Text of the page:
Molecular aspects of the fluorescent protein homologues in Acropora millepora
Beltran Ramirez, Victor (2010) Molecular aspects of the fluorescent protein homologues in Acropora millepora. PhD thesis, James Cook University.
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GFP-like proteins are responsible for some of the most spectacular colours displayed in coral reefs all over the planet. In here, the GFP repertoire from the scleractinian Acropora millepora was molecularly and phenotypically characterised in the context of embryonic development.
Phylogenetic analyses demonstrated the existence of two major clades; corresponding to the fluorescent and non-fluorescent chromoprotein genes respectively. The cDNA sequences were identified from a large EST library constructed using the pre settlement stage of A. millepora larvae. Both the fluorescent and non-fluorescent chromoprotein genes have highly similar intron-exon structure, thus, indicating a relatively recent common origin. Gene comparisons against the gene bank indicated that the larval GFPs are genetically distinct to their adult homologs.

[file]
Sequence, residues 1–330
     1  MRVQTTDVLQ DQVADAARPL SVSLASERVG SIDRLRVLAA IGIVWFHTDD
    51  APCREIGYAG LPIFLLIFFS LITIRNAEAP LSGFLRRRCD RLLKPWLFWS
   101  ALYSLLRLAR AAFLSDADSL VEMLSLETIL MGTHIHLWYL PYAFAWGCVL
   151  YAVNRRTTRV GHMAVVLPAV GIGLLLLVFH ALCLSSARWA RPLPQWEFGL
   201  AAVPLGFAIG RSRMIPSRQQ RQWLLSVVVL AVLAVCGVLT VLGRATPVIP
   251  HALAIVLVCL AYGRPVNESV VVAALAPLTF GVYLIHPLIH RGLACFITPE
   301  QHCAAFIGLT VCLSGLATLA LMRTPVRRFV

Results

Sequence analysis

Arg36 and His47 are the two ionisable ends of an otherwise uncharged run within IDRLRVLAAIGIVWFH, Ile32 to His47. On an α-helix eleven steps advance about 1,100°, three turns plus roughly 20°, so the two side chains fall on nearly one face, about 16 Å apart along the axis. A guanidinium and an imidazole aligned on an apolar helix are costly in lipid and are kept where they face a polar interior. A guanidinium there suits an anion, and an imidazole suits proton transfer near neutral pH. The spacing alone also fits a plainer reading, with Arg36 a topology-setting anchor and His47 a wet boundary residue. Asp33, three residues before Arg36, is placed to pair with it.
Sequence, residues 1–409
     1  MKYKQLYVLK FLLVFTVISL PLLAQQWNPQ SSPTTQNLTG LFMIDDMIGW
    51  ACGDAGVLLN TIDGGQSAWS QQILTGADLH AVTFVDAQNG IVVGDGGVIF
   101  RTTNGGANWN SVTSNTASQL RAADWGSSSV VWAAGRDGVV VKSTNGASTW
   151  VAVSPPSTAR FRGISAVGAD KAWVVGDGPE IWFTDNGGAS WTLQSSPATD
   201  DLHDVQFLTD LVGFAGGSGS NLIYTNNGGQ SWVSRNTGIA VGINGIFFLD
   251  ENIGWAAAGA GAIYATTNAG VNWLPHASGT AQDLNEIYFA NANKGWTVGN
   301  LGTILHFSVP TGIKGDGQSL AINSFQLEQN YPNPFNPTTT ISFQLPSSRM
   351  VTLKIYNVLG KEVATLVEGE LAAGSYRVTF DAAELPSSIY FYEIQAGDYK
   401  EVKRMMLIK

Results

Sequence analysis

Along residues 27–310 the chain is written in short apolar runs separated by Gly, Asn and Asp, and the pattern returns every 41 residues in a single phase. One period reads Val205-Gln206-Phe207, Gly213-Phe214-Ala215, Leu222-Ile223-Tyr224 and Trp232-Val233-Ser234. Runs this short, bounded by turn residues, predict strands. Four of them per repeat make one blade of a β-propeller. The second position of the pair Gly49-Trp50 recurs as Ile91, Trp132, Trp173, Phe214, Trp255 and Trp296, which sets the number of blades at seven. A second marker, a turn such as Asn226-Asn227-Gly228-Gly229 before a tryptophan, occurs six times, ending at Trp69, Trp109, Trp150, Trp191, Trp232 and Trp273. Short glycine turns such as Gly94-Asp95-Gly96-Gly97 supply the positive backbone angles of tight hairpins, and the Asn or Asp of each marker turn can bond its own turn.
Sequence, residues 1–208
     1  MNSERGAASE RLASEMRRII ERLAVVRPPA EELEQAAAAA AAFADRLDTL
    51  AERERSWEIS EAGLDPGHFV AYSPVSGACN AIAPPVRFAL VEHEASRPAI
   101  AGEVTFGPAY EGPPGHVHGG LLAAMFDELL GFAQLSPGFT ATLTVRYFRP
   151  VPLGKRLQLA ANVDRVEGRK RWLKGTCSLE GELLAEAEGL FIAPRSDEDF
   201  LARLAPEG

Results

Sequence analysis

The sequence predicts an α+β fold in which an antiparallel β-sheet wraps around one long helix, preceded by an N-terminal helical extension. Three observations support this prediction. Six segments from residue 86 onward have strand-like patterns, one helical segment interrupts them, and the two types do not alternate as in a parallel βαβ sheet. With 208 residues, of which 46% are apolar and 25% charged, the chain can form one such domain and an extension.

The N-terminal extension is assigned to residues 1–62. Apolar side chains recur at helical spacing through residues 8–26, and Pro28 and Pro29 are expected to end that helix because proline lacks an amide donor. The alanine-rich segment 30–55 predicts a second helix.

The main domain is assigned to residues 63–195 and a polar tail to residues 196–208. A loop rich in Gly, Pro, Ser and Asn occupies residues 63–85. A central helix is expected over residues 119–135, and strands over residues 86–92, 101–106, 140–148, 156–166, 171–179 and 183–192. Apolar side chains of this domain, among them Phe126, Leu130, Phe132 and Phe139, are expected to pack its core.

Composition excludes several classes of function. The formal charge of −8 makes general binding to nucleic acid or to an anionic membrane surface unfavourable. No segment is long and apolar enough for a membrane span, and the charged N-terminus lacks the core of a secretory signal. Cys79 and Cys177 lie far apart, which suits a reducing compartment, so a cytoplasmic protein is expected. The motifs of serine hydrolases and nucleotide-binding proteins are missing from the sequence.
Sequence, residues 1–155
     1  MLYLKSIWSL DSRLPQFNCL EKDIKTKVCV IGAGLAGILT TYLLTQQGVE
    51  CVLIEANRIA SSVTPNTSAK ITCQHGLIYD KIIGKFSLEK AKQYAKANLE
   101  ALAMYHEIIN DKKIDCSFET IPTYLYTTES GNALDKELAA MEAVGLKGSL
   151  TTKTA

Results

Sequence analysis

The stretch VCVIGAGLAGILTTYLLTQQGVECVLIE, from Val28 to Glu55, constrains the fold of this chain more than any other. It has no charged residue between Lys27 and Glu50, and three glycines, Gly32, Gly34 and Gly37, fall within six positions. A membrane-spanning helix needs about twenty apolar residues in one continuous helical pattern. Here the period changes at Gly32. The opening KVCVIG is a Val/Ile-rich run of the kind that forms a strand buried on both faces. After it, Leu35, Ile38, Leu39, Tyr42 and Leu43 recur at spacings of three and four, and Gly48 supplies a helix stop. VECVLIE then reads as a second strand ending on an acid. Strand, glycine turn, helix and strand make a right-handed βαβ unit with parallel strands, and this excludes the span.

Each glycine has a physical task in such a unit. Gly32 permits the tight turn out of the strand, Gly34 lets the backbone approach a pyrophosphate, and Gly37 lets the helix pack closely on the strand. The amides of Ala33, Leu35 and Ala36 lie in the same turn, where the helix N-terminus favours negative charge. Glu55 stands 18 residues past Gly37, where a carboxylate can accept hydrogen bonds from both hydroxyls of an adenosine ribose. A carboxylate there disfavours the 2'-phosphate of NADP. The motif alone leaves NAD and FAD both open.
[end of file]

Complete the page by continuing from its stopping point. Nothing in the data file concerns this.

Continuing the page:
Representative clones encoding green -amilGFP517 a, b-, red fluorescent -amilRFP602- and two blue chromoproteins -amilCP597 and amilCP601- were expressed in a bacterial system and biochemically characterized. Importantly the recombinant chromoproteins were shown to transform from blue non fluorescence to red fluorescent, after dehydration and further excitation with green/red light.
In situ hybridisation studies indicated that the chromoprotein genes were expressed early in development and predominantly in the endoderm. In contrast, the expression of the genes encoding fluorescent proteins was initiated later and the mRNA was detected mainly in the ectoderm. Although, the high mRNA similarity between GFP and RFP hampered a clear detection of gene expression; the corresponding expression of the proteins was observed to be axially restricted, as in planulae intense green or red fluorescence were associated with the oral and aboral regions and fluorescence patterns were restricted to specific cells. After metamorphosis, the red fluorescence associated with the aboral ectoderm disappeared, but the green signal remained in oral tissue.
Light/dark exposure experiments indicated that embryos reared in darkness showed some reduction of fluorescent-like gene expression whereas chromoprotein expression was unaffected.
|Item Type:||Thesis (PhD)|
|Keywords:||Acropora millepora, green fluorescent proteins, gene expression, corals, chromoproteins, gene development, coral embryogenesis|
|FoR Codes:||06 BIOLOGICAL SCIENCES > 0604 Genetics > 060405 Gene Expression (incl Microarray and other genome-wide approaches) @ 50%|
06 BIOLOGICAL SCIENCES > 0608 Zoology > 060802 Animal Cell and Molecular Biology @ 50%
|SEO Codes:||97 EXPANDING KNOWLEDGE > 970106 Expanding Knowledge in the Biological Sciences @ 100%|
|Deposited On:||25 Mar 2010 08:44|
|Last Modified:||12 Feb 2011 03:21|
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